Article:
Chokar az hamen heelte dar guzasht Halal ast burdan beh shamsheer dast meaning thereby that when all peaceful means fail it is legitimate to unsheath the sword. I am sure, with the establishment of more harmonious relationship among the faiths and communities in the new set-up of our country, there will be more and more opportunities to think alike and work together in the service of the country and its people. With these words, I commend the motion for the acceptance of the House.
Maulana Hasrat Mohani (United Provinces: Muslim): Sir, I have come forward today to give my entire support to the motion of Sardar Patel. I am really glad to do so, because recently I have had occasions to differ from him, though very reluctantly.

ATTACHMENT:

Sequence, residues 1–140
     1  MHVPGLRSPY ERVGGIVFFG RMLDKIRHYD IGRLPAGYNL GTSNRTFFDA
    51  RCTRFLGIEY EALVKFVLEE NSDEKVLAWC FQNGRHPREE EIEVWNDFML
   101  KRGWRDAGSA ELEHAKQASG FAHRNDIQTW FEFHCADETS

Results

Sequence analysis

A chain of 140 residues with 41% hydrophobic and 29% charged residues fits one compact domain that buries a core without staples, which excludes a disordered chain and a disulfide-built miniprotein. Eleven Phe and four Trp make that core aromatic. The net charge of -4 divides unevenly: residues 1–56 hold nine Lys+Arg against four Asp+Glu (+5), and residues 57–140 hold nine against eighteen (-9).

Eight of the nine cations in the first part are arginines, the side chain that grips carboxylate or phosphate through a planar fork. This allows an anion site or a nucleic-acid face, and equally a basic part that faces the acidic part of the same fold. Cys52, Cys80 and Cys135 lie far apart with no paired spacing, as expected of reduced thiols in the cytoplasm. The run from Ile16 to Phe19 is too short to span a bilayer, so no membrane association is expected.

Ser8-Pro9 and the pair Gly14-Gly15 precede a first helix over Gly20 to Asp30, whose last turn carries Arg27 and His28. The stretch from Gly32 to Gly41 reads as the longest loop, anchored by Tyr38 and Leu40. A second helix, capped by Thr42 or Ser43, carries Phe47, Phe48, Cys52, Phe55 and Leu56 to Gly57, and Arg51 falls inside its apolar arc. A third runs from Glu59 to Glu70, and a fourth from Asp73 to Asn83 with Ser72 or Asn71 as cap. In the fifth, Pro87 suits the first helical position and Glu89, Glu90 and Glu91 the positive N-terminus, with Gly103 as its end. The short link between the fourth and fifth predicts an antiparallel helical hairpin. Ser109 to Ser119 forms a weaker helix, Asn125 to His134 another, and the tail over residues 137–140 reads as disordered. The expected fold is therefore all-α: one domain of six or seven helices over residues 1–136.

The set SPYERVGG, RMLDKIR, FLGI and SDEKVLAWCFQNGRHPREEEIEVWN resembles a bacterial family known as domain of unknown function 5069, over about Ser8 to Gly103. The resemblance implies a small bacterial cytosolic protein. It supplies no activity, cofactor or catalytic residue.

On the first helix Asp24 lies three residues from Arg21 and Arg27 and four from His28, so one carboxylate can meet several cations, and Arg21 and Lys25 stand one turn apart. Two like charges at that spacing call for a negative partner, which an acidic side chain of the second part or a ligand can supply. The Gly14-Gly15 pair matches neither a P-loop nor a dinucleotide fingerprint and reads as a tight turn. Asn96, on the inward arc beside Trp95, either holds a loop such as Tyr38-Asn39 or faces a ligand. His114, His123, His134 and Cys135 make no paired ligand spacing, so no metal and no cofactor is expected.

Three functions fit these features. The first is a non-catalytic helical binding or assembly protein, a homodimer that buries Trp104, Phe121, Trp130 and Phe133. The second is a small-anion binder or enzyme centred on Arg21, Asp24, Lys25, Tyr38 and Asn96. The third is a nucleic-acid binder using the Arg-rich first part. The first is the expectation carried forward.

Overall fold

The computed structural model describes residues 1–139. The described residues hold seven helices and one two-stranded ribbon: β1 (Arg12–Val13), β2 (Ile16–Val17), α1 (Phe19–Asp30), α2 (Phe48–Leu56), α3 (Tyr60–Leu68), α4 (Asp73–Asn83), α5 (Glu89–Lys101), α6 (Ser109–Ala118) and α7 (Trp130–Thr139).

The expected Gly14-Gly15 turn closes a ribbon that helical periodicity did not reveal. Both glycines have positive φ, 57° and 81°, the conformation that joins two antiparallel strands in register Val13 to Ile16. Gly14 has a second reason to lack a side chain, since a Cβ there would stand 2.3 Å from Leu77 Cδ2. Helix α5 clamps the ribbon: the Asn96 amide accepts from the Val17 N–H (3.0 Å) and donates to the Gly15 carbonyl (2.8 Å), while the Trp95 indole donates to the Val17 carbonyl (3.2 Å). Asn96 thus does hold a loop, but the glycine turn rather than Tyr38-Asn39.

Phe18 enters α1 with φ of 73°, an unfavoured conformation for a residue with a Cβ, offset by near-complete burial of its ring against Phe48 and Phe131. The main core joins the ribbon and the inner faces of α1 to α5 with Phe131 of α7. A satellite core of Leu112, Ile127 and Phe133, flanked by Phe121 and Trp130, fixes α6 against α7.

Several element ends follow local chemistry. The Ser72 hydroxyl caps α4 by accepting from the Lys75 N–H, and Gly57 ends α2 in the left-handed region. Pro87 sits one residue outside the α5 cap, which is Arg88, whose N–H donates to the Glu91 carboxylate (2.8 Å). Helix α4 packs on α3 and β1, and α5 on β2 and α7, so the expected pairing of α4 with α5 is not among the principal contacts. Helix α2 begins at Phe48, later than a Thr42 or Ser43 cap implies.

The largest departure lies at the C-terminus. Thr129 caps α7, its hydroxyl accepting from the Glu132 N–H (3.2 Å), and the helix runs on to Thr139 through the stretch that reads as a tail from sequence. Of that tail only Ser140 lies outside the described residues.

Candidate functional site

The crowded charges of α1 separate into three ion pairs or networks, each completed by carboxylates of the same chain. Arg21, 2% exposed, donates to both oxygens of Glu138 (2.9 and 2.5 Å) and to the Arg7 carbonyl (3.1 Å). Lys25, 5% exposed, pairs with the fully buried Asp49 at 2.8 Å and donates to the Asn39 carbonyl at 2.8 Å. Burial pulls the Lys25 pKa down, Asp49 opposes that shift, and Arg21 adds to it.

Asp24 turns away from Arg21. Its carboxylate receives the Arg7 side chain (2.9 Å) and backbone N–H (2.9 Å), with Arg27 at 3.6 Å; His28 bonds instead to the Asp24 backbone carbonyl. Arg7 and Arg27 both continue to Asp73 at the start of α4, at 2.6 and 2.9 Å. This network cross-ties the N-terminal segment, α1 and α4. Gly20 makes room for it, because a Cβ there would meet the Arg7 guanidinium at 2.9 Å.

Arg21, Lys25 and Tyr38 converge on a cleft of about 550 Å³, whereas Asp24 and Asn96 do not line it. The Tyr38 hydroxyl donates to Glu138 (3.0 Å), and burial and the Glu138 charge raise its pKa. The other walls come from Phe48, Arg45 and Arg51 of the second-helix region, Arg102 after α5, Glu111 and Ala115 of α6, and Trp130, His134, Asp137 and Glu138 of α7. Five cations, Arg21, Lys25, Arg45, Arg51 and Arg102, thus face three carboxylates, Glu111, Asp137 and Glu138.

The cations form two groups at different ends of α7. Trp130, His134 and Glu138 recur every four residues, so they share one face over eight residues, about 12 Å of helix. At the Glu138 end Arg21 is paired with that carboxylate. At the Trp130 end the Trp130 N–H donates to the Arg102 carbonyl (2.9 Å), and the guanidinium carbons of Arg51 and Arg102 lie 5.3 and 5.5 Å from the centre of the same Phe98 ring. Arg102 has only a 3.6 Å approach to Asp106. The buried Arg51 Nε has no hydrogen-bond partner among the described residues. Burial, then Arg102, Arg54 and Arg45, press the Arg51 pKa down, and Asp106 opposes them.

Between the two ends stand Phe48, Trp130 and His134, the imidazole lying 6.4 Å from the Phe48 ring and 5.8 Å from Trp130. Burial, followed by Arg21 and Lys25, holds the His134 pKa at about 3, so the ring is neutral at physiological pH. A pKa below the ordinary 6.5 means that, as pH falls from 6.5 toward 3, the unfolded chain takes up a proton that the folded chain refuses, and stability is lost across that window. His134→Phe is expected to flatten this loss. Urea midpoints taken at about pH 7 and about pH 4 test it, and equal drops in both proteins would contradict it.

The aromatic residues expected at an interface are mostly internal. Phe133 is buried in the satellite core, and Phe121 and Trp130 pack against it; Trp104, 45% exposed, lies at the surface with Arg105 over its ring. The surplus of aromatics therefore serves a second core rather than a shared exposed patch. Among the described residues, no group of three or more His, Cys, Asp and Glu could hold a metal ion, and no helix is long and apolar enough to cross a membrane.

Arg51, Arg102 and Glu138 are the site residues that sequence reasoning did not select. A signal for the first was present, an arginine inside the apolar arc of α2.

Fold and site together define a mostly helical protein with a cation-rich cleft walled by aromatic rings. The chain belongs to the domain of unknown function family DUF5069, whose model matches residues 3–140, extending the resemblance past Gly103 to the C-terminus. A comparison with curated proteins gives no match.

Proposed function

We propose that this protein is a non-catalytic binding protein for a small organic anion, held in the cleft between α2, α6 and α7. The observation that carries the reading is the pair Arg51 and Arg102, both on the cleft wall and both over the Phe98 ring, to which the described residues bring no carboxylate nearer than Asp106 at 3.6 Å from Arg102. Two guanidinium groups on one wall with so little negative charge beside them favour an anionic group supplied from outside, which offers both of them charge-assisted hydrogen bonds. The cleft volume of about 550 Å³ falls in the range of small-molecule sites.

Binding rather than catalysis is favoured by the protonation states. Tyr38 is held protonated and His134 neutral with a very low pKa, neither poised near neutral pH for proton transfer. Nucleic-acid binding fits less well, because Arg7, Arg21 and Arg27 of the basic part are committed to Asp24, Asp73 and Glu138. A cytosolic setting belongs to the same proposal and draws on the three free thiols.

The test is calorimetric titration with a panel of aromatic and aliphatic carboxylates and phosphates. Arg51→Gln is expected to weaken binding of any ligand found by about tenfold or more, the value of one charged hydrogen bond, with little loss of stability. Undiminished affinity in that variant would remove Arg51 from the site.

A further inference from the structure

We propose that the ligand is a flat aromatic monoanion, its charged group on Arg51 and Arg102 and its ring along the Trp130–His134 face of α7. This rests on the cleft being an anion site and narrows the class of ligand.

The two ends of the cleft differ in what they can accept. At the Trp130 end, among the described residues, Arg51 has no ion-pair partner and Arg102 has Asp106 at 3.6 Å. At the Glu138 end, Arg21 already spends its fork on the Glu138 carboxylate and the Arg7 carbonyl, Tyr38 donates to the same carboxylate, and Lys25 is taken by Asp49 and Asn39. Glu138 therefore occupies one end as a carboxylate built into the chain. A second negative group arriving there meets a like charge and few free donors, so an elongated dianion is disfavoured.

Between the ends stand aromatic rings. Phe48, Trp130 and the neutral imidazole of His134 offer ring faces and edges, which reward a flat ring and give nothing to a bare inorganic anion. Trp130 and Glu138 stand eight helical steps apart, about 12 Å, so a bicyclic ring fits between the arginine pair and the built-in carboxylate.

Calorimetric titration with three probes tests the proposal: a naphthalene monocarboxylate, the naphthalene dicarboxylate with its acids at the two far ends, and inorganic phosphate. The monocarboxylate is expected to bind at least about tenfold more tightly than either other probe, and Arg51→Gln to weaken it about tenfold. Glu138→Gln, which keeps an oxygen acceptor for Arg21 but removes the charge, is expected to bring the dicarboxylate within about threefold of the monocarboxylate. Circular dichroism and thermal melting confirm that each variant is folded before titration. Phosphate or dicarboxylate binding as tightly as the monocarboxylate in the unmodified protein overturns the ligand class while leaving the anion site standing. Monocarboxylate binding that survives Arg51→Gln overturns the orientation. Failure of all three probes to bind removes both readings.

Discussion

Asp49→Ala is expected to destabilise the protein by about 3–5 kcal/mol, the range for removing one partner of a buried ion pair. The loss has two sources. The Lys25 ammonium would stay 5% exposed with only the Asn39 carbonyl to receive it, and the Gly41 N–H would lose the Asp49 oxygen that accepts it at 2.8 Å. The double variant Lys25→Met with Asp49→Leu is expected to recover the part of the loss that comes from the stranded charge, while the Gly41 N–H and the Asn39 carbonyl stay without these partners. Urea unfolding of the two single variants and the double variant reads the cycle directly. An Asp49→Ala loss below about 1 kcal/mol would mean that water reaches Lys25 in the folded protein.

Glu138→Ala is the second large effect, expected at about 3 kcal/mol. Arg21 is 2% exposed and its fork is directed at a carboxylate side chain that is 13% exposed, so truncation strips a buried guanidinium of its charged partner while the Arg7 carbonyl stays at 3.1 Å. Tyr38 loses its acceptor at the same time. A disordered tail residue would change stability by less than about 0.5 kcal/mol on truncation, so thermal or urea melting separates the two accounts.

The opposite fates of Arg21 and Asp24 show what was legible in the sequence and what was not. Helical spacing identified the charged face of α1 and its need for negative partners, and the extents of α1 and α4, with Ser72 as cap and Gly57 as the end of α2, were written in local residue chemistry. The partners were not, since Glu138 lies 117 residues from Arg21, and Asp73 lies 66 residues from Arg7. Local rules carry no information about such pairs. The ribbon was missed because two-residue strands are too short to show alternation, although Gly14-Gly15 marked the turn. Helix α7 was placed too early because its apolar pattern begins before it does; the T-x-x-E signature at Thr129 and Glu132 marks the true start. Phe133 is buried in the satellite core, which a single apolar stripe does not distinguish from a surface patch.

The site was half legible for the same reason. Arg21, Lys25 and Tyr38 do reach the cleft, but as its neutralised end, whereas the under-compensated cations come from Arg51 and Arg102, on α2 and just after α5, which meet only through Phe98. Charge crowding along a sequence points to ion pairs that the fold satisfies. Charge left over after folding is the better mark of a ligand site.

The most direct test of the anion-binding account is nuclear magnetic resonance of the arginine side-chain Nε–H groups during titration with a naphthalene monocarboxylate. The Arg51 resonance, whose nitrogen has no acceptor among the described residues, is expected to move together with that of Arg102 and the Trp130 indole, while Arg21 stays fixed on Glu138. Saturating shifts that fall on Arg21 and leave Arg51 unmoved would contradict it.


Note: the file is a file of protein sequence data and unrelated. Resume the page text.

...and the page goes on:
Sir, I opposed the principle of reservation of seats at a time when the Congress Party was in its favour. At that time the excuse put forward by the Congress Party was this. "We do not like this method of reservation of seats, but we have to show some concessions to the Muslims, and, therefore, we want to retain it for at least ten years." Even then I said-I am reading from the Official Report of the proceedings of the 4th January 1949,-"We refuse to accept any concession. In case the majority party, or the Congress Party, accepts reservation of seats, its claim of creating of creating a secular State and of putting an end to communalism would be falsified."